Roz Savage, the first woman to row across the Atlantic, Pacific, and Indian Oceans, has spent 550 days of her life at sea. But the Royal Geographic Society World Fellow, 2010 National Geographic Adventurer of the Year, United Nations Climate Fellow, and author of “Rowing the Atlantic: Lessons Learned on the Open Ocean,” is temporarily landlocked in New Haven, Connecticut, where she’s guest lecturing, teaching, and mentoring students as a Yale World Fellow. Savage is using her six-month stint at Yale to educate students on everything from climate change to the importance of fearlessness. In the midst of a packed schedule, Savage explained to us how she became such a passionate environmentalist.
Roz Savage: The environmental mission very much came before the rowing. I had my environmental epiphany in early 2004, when reading a book about the Hopi tribe of North America who, like many indigenous people, understand the deep interrelationship between people and planet in a way that the “developed” world seems to have lost sight of. When I read about their beliefs, it hit me with all the force of a fundamental truth. It was about six months later that the idea came to me to use adventure, specifically ocean rowing, as a platform to spread this message through social media, books, and presentations.
RS: Over my seven years of ocean rowing I certainly have seen a lot of environmental degradation—plastic pollution, impacts of rising oceans on small island states, deforestation and mining in Papua New Guinea, coral bleaching in Australia—but you don’t have to row across oceans to see the damage we are doing. You only have to walk as far as your own trash can and think about where that waste is going to go, and how long it will persist there, to realize that the path we are on is not sustainable.
RS: It is so depressing to see plastic pollution way out in the middle of the oceans. We did a cleanup in Hawaii on a remote beach. It was covered in plastic. Where you might expect to see banks of seaweed, instead it was banks of multicolored plastic: toothbrushes, cigarette lighters, cigarette butts, toys, bleach bottles, fishing equipment, crates, and so on. Not only is plastic unsightly and dangerous to marine life, but it is actually a toxic substance. As it breaks down it releases a payload of chemicals that have been linked to cancer, diabetes, and hormonal disruptions affecting metabolism and fertility. Plastic is not bad in itself, but it needs to be treated as a controlled substance, and not allowed to escape into the natural world. It is simply poisonous.
RS: These are all important issues, but they are all symptoms of a deeper problem—what is going on in seven billion heads around the planet. We all want a decent quality of life. I understand that. Education, health care, happiness, the opportunity to prosper—these are all important. But we have been sold a myth by corporations greedy for growth that our quality of life is directly related to buying more, buying bigger, buying newer. It is not true. These things might bring an ephemeral happiness, but not a long-lasting sense of personal worth and value.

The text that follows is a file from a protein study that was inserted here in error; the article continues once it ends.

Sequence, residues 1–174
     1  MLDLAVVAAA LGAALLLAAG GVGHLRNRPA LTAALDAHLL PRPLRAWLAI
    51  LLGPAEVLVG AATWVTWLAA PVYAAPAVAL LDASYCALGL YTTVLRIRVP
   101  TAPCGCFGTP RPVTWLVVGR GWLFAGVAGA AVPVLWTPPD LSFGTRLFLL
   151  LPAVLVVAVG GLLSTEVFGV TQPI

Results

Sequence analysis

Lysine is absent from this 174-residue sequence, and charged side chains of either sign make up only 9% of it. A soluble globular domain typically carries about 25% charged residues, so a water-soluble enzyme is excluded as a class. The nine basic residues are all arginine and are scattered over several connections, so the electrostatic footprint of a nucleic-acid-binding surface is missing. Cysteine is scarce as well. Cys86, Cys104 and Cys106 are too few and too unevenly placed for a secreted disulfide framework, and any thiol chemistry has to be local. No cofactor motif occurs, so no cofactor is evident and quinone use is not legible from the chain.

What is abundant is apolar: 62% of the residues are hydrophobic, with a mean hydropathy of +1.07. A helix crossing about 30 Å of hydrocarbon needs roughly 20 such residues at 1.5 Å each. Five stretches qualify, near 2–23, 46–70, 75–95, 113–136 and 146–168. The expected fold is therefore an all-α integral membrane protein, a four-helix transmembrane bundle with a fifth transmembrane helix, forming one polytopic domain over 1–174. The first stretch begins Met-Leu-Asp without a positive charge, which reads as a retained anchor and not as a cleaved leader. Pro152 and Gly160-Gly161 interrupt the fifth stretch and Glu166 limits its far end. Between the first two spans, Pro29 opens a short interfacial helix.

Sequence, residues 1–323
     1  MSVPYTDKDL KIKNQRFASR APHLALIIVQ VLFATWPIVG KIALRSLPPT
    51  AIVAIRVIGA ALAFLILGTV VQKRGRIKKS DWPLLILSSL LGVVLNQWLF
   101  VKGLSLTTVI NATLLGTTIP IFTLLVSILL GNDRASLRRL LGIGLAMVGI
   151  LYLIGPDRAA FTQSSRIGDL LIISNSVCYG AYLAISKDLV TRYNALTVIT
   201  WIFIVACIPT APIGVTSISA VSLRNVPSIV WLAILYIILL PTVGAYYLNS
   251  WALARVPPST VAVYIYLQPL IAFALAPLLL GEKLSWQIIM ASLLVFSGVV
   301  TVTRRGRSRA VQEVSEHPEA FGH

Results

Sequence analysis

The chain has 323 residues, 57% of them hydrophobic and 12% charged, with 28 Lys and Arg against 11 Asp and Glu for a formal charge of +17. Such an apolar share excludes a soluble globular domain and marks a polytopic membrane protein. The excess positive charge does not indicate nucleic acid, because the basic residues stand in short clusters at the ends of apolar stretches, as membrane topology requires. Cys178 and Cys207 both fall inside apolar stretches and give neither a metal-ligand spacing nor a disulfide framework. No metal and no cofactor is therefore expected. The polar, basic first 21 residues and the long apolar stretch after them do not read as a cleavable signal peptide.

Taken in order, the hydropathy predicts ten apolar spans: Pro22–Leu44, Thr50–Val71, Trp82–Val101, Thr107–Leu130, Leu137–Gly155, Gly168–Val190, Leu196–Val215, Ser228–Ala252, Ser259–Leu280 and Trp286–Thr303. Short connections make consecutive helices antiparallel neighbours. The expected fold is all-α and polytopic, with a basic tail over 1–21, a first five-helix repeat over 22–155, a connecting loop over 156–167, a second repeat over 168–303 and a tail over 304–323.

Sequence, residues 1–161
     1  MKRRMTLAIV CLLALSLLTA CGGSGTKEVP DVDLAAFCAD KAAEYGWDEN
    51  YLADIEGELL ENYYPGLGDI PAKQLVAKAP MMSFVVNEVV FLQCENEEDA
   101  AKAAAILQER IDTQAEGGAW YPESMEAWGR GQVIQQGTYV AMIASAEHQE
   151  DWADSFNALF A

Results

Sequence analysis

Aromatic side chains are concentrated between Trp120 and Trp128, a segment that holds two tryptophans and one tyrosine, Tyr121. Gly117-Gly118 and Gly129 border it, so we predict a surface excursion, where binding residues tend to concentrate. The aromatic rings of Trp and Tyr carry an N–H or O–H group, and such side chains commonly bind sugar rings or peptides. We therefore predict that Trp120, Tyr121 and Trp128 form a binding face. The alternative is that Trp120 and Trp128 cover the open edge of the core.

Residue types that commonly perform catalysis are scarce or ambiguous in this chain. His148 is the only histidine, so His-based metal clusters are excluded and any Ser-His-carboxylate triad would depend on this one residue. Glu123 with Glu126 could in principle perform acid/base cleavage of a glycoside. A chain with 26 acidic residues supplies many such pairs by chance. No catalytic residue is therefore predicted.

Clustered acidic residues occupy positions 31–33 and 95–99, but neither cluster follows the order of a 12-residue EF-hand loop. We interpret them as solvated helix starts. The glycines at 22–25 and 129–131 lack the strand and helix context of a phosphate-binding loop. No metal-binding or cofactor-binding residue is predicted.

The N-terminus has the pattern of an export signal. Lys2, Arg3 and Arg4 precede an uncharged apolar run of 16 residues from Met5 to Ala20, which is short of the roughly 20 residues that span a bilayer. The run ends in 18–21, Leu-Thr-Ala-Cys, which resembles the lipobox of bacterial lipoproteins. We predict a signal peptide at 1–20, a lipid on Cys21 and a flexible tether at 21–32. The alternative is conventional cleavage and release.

We need to see through this myth, and take back our power to determine our own definition of happiness, that serves our own needs rather than a corporate bottom line. At the moment we are consuming ourselves to death. As “consumers,” we are quite literally consuming all the world’s resources and then throwing them into landfill. We can still have a fantastic quality of life, in fact an even better quality of life than we do now, by focusing on the important things such as happiness, good relationships, and finding a job we love, rather than looking for fulfillment in the shopping malls. And this is what needs fixing.
RS: During my time at Yale I have been exploring how we can improve communications around sustainability issues. Over the last few decades, the environmental movement has had a naive belief that we can throw science at people and it will make them change their behavior. That obviously isn’t working. Instead of scaring people, we need to motivate them and give them something positive to work toward. We need to create a vision of what a sustainable future can look like, and use stories to explain its benefits to people in terms that are clear and appealing—emotionally, financially, and with regards to their future health and happiness.
RS: I do have dark days, when the present system seems to be so entrenched that I can’t imagine us achieving the changes that we need in the time spans that we need them. The next ten years are absolutely crucial for climate change and for the oceans. After that there won’t be much left worth fighting for. But there is no point in becoming despondent. Apart from anything else, I want to go down on record as having done everything that I possibly could to make a difference. It allows me to sleep at night, and to look myself in the mirror, to know that I am doing my utmost to turn this around. I wouldn’t be able to look a young person in the eye if I didn’t believe I was doing my best to safeguard their future.
RS: I am still working on my grand plan for the next chapter of my life. I am done with the rowing—I pretty much ran out of oceans—and I want to take my campaigning to the next level in a more direct way. This semester as a Yale World Fellow has been incredibly formative, and informative, and will pave the way for what comes next. In the short term, that involves my Pacific book coming out in October 2013, and various speaking engagements across 12 countries next year alone. Beyond that, I am still pondering. My years as an ocean rower have made me believe that almost anything is possible, given enough determination and dedication, so whatever comes next, it has to be a big step upwards and onwards.